Platelet-derived growth factor (PDGF) stimulates many of the processes important in tissue repair, including proliferation of fibroblasts and synthesis of extracellular matrices. In this study, the authors have demonstrated with in situ hydridization and immunocytochemistry the reversible expression of 3-sis/PDGF-2 and PDGF receptor (PDGF-R) b mRNAs and their respective protein products in epithelial cells and fibroblasts following cutaneous injury in pigs. Epithelial cells in control, unwounded skin did not express c-sis and PDGF-R mRNAs, and fibroblasts expressed only PDGF-R mRNA. The expression levels in the injured site were correlated with the stage of tissue repair, being highest during the initial stages of the repair process and declining at the time of complete re-epithelialization and tissue remodeling. These studies provide a mulecular basis for understanding the mechanisms contributing to normal tissue repair. They suggest the possibility that a defect in these mechanisms may be associated with defective wound healing. It is also conceivable that chronic injury may induce irreversible gene expression leading to pathologic, unregulated cell growth

  2. HuR binds to a single site on the C/EBPβ mRNA of 3T3-L1 adipocytes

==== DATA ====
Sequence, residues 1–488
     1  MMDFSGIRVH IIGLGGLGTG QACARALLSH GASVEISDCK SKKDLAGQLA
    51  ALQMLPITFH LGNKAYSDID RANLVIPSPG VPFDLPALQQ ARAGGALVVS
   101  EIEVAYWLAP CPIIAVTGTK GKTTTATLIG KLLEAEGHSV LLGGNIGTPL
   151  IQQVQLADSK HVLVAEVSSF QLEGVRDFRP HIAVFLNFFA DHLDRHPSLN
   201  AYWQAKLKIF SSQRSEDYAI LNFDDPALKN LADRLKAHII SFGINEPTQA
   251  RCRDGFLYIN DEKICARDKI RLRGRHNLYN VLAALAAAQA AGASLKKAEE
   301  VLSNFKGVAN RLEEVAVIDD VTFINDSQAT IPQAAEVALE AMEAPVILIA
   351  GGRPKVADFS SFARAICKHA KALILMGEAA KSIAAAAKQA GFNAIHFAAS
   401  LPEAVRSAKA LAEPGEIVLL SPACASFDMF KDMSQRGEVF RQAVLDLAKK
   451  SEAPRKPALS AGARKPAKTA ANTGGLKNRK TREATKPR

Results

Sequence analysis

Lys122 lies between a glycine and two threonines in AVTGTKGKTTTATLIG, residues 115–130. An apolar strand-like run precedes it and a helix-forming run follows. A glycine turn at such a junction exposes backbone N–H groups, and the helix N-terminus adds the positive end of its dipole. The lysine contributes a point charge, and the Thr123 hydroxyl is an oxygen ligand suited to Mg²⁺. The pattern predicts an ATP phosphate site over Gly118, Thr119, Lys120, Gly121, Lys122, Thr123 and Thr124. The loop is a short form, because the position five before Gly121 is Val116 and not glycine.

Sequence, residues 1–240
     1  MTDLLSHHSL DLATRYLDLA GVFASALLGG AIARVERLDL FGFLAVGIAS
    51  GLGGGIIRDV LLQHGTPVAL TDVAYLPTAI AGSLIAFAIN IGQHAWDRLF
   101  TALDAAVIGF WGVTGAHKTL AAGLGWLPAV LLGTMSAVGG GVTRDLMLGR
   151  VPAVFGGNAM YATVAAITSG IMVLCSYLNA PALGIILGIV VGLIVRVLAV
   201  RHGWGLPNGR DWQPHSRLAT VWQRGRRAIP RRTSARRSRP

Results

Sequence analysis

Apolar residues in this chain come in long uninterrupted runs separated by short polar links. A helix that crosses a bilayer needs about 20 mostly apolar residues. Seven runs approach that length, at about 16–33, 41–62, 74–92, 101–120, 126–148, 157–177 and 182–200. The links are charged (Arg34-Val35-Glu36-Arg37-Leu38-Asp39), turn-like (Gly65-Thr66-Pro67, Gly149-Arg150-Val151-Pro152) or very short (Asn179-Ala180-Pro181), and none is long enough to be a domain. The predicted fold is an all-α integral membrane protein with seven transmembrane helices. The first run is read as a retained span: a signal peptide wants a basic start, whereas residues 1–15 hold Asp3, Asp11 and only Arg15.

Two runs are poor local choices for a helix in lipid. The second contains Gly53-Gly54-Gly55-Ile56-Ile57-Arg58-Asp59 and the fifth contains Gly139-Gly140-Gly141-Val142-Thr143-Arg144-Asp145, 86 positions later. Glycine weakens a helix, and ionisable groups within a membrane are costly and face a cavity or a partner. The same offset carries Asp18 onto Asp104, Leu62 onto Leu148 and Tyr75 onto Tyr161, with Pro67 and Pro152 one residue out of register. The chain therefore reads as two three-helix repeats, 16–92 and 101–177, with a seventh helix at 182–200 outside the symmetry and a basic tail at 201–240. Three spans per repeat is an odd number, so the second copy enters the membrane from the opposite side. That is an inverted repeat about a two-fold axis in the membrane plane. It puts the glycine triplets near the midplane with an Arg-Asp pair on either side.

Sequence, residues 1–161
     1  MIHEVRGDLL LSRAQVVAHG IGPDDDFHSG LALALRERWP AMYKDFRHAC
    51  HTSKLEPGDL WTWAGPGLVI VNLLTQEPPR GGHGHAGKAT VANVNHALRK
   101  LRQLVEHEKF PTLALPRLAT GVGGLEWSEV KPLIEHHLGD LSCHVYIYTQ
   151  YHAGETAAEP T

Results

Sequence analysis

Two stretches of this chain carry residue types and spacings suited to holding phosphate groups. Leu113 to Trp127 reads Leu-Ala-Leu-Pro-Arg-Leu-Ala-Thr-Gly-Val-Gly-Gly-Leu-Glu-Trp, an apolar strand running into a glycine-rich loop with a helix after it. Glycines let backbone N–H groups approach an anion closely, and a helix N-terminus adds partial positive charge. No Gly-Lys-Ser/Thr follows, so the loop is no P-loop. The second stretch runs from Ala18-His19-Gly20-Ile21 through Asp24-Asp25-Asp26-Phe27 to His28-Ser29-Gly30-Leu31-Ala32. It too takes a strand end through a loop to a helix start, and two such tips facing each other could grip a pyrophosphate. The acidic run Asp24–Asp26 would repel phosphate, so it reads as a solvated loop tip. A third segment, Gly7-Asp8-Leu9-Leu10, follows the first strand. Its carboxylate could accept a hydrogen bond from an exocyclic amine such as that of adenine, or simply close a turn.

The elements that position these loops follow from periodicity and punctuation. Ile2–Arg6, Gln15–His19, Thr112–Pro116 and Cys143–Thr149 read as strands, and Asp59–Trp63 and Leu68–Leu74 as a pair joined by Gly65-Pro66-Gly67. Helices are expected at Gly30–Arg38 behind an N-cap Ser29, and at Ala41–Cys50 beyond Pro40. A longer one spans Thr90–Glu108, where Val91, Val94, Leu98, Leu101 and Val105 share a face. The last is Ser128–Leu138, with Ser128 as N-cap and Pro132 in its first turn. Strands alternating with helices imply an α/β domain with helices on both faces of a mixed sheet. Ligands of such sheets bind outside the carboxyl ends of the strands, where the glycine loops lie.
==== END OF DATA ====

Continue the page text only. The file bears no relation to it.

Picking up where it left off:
International Nuclear Information System (INIS)

    Jones, Heath; Carver, Melinda; Pekala, Phillip H.

    2007-01-01

    HuR is a ligand for nuclear mRNAs containing adenylate-uridylate rich elements in the 3'-untranslated region. Once bound to the mRNA, HuR is recognized by adapter proteins which then facilitate nuclear export of the complex. In the cytosol HuR is thought to function to control stability and translation of its ligand message. In the 3T3-L1 cells HuR is constitutively expressed and localized predominantly to the nucleus in the preadipocytes. However within 30 min of exposure to the differentiation stimulus, the HuR content in the cytosol increases consistent with HuR regulating the availability of relevant mRNAs for translation. Using in vitro RNA gel shifts, we have demonstrated that the C/EBPβ message is a ligand for HuR and that the single binding site is an adenylate-uridylate rich element in the 3'-untranslated region

  3. Fetal life malnutrition was not reflected in the relative abundances of adiponectin and leptin mRNAs in adipose tissue in male mink kits at 9.5 weeks of age

    DEFF Research Database (Denmark)

    Matthiesen, Connie Frank; Tauson, Anne-Helene

    2016-01-01

    Background: Malnutrition in fetal life and during suckling have in some animal studies resulted in adaptive changes related to the fat and glucose metabolism, which in the long term might predispose the offspring for metabolic disorders such as obesity later in life. The objective was to study...... the effect of fetal life malnutrition in male mink on the gene expression of leptin and adiponectin in different adipose tissue sites. Results: Thirty-two male mink, strict carnivore species, exposed to low (FL) or adequate (FA) protein provision the last 16.3 ± 1.8 days of fetal life and randomly assigned.......5 weeks of age. Relative abundances of leptin and adiponectin mRNAs were different between adipose tissue sites and were significantly higher in subcutaneous than in perirenal and mesenteric tissues. Conclusion:Fetal life protein malnutrition in male mink, did not result in adaptive changes in the gene...